Niger’s airspace complicates operations for African, European airlines

  • European carriers circumvent airspace, travel longer distances to destinations
  • Fear over Mali, Burkinafaso joining Niger to close airspace
  • Airlines suspend flights to Bamako, Ouagadougou



Aircraft especially overflying Niger’s airspace are incurring huge costs of fuel, and longer journeys by circumventing the country’s airspace following the closure of the airspace of the crisis-riddled nation.

The Niger’s junta closed its airspace on Sunday in response to the West African regional bloc after ignoring its deadline to reinstate the country’s ousted president or face the threat of military intervention.

Just on Monday, South Africa Airways’ flight on its way to London was said to have diverted to Lagos to refuel after circumventing and trying to avoid the airspace of Niger.

A former Managing Director of the Nigerian Airspace Management Agency (NAMA), Nnamdi Udoh who spoke to Aviation Metric said the action of Niger would automatically lead to elongation of flight routes, congestion of airspace, and more fuel consumption as the aircraft are expected to circumvent the close airspace and take longer routes to get to their destinations.

Foreign airlines in flight

Most European airlines in and out of Nigeria go around or through Mali, Algeria, and longer routes to fly into Nigeria or fly out of the country;  a situation that is costing carriers huge amounts of money in fuel, wear, and tear of equipment, and longer period of time.

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His words, “Lagos to London or to any European country takes a longer time. It also has a lot of wear and tear on aircraft. The closure of airspace of Niger would lead to elongation of the route, congestion of airspace, fuel consumption as a result of circumvention”.

Udoh further noted that the situation could be worse if Mali and Burkinafaso; two nations that have backed the Abdourahamane Tchiani-led Military government also take a cue from Niger to close their airspace.

He noted that airlines would have a hectic time if the other two nations take the same action as Niger because of the strategic importance of how airspace aids smooth flight services among nations.

Speaking in the same vein, the President of, the Nigerian Air Traffic Controllers Association (NATCA), Mr. Abayomi Agoro said the implication of airspace closure means that no aircraft would be permitted to fly through the closed airspace for risk of being fired at by the military of that country.

Agoro further explained that in the case of closed airspace or countries with military conflict like the one currently going on in Niger, aircraft overflying its airspace or landing in the country would seek permission from the government.

Most scheduled airlines always advice their crew to always avoid airspace where there are arm struggles to avoid being downed by rockets as in the case of Malaysia Airlines Boeing 777 which was on July 17, 2014, flying from Amsterdam to Kuala Lumpur under flight number MH17 at an altitude of 33,000 feet.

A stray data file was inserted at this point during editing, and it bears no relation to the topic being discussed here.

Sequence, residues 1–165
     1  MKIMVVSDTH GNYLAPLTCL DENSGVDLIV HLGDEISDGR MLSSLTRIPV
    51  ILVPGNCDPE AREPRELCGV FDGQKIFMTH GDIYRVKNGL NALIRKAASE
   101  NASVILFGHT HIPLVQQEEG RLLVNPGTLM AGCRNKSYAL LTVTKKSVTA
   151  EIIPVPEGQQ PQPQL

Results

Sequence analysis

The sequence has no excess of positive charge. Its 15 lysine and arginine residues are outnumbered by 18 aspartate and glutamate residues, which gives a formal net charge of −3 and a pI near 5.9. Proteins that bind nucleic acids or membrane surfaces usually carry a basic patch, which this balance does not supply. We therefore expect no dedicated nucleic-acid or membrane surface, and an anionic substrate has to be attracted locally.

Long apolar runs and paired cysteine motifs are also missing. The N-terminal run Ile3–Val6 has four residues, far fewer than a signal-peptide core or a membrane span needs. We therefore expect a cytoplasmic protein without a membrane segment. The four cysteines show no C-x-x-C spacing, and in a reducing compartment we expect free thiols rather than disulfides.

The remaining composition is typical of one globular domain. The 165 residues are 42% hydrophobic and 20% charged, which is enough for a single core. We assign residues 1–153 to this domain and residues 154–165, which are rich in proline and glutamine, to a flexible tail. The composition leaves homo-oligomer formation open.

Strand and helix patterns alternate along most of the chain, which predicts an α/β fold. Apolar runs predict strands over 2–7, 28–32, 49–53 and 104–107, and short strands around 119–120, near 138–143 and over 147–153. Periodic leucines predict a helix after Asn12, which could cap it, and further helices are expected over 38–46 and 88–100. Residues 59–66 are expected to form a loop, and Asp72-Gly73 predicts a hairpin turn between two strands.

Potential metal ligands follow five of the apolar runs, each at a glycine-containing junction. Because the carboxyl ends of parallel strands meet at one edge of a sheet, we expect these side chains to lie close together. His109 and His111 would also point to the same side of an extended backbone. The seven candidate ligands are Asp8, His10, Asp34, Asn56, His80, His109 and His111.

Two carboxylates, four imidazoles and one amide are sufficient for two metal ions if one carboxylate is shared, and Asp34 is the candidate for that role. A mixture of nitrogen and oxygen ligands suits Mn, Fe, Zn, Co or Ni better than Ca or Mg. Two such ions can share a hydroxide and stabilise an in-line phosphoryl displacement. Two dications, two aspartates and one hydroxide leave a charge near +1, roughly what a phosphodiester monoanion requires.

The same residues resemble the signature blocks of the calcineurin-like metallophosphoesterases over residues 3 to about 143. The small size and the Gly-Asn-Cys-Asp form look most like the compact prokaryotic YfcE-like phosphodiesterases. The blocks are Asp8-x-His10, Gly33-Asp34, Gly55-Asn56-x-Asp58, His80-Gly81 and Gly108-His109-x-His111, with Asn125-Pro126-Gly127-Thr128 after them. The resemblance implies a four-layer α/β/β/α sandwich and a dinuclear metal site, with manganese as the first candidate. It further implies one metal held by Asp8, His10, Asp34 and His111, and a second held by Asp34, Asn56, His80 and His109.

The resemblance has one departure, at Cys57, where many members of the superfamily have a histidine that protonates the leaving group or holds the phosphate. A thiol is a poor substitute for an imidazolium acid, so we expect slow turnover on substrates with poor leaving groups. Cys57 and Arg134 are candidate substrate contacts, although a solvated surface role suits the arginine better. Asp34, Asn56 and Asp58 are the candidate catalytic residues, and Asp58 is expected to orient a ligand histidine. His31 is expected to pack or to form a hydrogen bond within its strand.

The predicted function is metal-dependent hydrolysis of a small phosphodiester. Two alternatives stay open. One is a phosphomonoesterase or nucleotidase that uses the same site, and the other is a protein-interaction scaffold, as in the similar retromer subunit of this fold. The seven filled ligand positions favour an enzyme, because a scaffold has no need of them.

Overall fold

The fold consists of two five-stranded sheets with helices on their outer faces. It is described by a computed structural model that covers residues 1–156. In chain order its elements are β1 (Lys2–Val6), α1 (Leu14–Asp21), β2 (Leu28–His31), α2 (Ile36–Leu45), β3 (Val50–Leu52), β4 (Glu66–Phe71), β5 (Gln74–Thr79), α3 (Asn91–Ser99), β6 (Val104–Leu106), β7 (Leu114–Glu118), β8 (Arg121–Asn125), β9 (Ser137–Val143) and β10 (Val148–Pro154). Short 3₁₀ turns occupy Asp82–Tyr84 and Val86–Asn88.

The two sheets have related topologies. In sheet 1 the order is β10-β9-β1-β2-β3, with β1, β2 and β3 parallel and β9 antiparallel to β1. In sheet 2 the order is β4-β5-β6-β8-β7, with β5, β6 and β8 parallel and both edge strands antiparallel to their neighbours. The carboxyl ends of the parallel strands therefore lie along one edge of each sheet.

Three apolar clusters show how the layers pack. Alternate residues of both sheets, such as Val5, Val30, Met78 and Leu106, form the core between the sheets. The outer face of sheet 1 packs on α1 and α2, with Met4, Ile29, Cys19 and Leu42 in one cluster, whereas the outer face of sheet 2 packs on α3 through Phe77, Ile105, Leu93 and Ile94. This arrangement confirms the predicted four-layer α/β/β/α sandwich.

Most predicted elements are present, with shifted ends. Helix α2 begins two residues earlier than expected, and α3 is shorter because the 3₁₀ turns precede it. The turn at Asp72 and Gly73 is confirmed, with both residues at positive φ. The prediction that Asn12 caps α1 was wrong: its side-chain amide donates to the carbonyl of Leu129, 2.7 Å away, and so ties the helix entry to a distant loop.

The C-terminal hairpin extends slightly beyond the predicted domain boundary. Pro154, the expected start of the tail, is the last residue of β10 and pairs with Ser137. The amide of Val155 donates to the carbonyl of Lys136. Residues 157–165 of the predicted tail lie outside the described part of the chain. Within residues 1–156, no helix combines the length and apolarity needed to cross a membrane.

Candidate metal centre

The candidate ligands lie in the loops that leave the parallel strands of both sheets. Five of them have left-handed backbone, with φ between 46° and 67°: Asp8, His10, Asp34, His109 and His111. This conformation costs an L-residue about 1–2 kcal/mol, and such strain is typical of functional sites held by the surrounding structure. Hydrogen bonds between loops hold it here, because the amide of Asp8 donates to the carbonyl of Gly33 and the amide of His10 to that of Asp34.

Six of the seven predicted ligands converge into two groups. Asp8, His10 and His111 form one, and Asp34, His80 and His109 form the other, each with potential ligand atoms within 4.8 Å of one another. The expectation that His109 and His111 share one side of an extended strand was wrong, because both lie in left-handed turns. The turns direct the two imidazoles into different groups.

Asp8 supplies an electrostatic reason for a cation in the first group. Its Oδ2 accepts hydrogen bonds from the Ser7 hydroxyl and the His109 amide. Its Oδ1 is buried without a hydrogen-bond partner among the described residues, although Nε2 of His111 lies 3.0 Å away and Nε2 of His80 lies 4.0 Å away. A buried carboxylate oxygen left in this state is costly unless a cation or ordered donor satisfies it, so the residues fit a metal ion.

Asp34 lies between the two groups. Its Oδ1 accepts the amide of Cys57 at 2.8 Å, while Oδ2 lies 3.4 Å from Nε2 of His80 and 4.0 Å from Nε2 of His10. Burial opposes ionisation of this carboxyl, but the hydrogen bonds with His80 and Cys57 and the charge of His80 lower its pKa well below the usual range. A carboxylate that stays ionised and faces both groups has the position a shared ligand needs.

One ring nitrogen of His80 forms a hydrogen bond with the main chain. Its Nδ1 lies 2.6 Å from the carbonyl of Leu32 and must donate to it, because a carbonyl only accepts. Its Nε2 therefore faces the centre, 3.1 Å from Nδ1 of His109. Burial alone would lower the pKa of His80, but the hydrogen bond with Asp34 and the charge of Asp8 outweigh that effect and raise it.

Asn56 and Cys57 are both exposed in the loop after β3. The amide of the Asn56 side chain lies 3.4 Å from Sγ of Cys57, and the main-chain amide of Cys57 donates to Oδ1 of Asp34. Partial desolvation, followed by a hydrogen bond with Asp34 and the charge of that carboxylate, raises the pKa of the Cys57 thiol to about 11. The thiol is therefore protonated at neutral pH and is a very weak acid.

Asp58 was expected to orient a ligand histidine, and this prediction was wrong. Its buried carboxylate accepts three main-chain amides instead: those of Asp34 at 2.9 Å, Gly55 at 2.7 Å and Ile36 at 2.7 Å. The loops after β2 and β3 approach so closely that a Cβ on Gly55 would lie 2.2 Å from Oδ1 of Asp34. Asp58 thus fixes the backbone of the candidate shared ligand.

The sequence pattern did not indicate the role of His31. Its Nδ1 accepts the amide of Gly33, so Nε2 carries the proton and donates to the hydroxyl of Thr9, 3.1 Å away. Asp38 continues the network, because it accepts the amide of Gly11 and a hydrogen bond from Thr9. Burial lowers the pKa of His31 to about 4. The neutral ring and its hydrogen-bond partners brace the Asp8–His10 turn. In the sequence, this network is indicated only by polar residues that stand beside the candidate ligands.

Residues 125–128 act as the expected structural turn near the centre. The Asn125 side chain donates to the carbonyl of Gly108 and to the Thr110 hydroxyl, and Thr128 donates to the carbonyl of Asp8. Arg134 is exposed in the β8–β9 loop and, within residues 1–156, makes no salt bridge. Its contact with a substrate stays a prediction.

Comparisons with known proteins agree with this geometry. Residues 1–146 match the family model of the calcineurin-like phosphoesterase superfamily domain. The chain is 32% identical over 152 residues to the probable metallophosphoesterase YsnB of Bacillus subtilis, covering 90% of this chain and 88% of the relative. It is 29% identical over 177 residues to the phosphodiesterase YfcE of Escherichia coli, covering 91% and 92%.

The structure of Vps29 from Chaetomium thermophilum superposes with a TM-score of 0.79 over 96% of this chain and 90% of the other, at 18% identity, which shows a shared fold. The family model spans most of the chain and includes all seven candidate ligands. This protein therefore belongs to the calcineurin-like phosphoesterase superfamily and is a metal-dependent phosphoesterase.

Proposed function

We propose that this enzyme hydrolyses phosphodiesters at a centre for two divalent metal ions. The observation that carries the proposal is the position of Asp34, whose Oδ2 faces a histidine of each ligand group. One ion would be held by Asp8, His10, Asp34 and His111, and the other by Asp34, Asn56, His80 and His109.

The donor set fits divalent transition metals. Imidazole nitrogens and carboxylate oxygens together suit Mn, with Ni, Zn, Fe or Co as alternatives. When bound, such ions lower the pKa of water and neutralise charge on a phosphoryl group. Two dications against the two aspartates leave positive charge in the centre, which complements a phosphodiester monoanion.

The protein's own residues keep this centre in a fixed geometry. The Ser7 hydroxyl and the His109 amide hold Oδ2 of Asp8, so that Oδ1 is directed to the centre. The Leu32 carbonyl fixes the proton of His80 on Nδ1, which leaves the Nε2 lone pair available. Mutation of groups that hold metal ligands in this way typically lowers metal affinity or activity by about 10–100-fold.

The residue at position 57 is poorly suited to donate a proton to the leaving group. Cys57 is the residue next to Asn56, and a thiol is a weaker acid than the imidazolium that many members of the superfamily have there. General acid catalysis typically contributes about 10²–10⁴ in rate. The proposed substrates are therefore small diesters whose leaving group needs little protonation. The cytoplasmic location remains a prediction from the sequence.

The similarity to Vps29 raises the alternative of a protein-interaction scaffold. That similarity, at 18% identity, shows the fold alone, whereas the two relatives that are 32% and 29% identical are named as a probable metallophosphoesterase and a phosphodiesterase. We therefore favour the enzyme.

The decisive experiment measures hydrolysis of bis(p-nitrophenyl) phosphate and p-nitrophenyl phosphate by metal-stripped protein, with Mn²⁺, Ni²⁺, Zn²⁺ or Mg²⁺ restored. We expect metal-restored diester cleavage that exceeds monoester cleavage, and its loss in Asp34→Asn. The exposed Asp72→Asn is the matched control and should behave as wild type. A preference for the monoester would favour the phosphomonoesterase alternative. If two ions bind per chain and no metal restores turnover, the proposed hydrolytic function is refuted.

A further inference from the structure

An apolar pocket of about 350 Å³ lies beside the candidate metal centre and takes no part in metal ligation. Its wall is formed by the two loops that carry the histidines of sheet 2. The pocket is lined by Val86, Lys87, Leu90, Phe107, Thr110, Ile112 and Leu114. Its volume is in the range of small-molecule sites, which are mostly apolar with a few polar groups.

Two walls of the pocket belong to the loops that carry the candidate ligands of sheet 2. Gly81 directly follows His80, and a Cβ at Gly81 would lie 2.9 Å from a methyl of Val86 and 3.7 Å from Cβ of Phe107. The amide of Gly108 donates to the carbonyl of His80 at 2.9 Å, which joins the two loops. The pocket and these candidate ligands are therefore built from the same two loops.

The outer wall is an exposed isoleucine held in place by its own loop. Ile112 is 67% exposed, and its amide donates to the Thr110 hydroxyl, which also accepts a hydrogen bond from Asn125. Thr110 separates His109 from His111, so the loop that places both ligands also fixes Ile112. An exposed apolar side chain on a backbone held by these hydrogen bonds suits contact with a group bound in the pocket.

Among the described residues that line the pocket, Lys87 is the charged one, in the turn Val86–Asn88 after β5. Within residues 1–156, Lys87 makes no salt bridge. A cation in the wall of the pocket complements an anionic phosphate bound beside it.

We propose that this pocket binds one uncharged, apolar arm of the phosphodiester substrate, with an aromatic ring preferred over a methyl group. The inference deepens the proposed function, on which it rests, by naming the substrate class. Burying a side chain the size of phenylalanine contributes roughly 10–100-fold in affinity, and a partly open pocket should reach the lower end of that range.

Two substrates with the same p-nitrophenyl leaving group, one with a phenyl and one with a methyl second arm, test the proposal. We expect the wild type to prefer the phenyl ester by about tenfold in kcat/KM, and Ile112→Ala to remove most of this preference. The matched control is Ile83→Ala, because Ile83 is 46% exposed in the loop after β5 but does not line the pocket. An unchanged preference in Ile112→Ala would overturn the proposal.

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It was one of 160 flights that crossed the airspace of eastern Ukraine that day. MH17 was shot down and crashed near the Ukrainian village of Hrabove. All 298 passengers and crew on board died.

An exclusion zone prevailed at 32,000 feet because of the conflict between the Ukrainian government and Russian-backed rebels.

The NATCA President reiterated that most aircraft avoiding Niger now fly through Mali and Chad; a longer journey which he said costs more.

“Virtually all European airlines go through Niger. They circumvent the airspace and steer away from Niger’s airspace. It takes more hours to circumvent and costs more. What they do now is that they go through Mali. If Mali closes its airspace, it will be difficult”.

Air France has suspended flights to and from Ouagadougou in Burkina Faso and Bamako in Mali until Aug. 11, the company said on Monday, with longer flight times expected in the West African region.

A spokesperson added that Air France expected longer flight times from sub-Saharan hub airports and those flights between Charles de Gaulle airport in Paris and Accra in Ghana were set to operate non-stop.

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Another air traffic controller who pleaded anonymity said that airlines would mostly have to find alternative routes and difficulties should be limited given the small number of African air connections.

“I’m not sure this is huge disruption … it will affect routes from Europe to Nigeria and South Africa and probably from the Gulf of Ethiopia to West Africa,” he said.

British Airways in an emailed statement said it “apologised to those customers affected for the disruption to their journeys,” and said it was working hard to get them on their way again as quickly as possible.

Flights between the UK and South Africa have been re-routed or diverted to take on extra fuel or have returned to their starting points as a result of the closure.

After a military coup ousted President Mohamed Bazoum, the Ecowas regional bloc has threatened intervention to restore the leader.

Air France has suspended flights to and from Ouagadougou in Burkina Faso and Bamako in Mali until Aug. 11, the company said on Monday, with longer flight times expected in the West African region.

Wole Shadare